FAIR BLUFF, N.C. (WECT) - It’s no secret that Fair Bluff has suffered tremendously at the hands of Mother Nature recently.
Prior to hurricanes Matthew and Florence, 1999′s Hurricane Floyd was the benchmark storm. Until 2018, it was the costliest Hurricane in North Carolina, with more than $6 billion in damage.
Yet the impacts from Floyd in Fair Bluff were marginal. A couple inches of water flooded Main Street.
Measurements from Floyd were incomplete for the Lumber Basin, but the National Weather Service estimates an average of 10 inches of rain fell and the river crested at 13.6 feet at Fair Bluff itself. By comparison, western Columbus County fared better than its eastern counterparts.
Fast forward to 2016. Hurricane Matthew followed a familiar trajectory and speed as Floyd, but broke all its records.
An estimated 14 inches of rain fell in the town and the river crested at 16.65 feet, based on data from the US Geological Survey. Matthew was classified as a 500 year Flood, meaning there was a 1 in 500 or a 0.2 percent chance of happening that year.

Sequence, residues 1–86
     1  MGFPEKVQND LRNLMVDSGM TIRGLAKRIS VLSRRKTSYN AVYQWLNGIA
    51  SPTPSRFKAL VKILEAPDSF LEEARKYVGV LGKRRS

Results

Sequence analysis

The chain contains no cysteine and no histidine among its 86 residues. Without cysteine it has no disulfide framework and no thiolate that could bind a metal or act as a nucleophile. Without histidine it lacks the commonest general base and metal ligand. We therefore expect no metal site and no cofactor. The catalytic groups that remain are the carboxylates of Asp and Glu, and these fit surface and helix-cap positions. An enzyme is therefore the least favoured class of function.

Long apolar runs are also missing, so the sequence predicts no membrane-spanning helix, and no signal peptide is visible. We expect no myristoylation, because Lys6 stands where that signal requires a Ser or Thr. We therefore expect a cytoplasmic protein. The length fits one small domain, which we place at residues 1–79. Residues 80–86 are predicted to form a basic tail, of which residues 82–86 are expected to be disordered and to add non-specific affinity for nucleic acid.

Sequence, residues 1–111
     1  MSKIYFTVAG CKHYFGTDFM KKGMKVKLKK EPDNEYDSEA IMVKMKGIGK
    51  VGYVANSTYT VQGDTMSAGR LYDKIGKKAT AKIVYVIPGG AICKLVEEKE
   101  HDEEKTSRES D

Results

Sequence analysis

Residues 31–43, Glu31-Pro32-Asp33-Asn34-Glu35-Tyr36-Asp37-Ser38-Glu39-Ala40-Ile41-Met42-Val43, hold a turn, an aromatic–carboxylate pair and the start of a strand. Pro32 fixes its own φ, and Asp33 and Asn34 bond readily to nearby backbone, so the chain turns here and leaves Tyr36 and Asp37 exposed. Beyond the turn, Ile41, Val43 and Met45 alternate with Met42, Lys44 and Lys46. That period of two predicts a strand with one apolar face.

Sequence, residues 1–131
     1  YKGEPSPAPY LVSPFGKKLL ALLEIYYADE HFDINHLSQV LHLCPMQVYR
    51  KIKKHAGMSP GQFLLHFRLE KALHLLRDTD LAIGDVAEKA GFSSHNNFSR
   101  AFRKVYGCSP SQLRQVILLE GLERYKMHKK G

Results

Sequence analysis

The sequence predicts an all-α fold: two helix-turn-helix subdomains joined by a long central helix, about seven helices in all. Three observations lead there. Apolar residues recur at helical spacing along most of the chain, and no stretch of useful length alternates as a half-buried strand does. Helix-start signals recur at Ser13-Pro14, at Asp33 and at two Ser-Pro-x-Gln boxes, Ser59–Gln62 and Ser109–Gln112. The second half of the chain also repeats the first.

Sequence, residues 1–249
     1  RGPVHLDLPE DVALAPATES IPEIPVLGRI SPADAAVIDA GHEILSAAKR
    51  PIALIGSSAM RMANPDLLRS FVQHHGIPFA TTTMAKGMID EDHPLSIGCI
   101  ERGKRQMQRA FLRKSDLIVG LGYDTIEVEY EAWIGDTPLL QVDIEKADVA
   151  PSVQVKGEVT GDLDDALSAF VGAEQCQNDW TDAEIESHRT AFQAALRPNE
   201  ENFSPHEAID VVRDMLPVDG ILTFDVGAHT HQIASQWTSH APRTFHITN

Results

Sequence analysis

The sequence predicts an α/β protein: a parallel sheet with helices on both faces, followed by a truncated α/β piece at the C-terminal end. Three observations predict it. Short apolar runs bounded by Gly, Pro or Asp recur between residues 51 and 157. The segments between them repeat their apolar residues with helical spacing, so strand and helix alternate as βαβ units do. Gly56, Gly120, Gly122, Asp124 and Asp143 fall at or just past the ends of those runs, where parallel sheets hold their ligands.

High water closed parts of Highways 74, 701 and State Route 130. Most businesses in the downtown area were destroyed due to flooding. About 20 percent of the homes in town suffered damage.
Following Matthew, the waters receded and the town began to rebuild. Businesses, churches, and homes ravaged by flooding and high water were slowly making repairs and working to get back to normal. That all came to a screeching halt at the hands of Hurricane Florence in September 2018.
Florence was classified as a 1,000 year storm, with a 0.1 percent chance of happening.
The storm’s devastation, was due in large part, not only by its timing - coming so soon after Matthew, but its trajectory and slow-moving nature. The hurricane hit the Carolina coast nearly head on, and crawled for days following landfall, resulting in torrential rains.
An estimated 17 inches of rain came pouring down pushing the Lumber River to a crest of 17.03 feet.
Residents in Fair Bluff saw a 100, 500 and 1,000 year flood in just under 20 years. For many, that’s a tough equation to balance and why it’s a town in transition.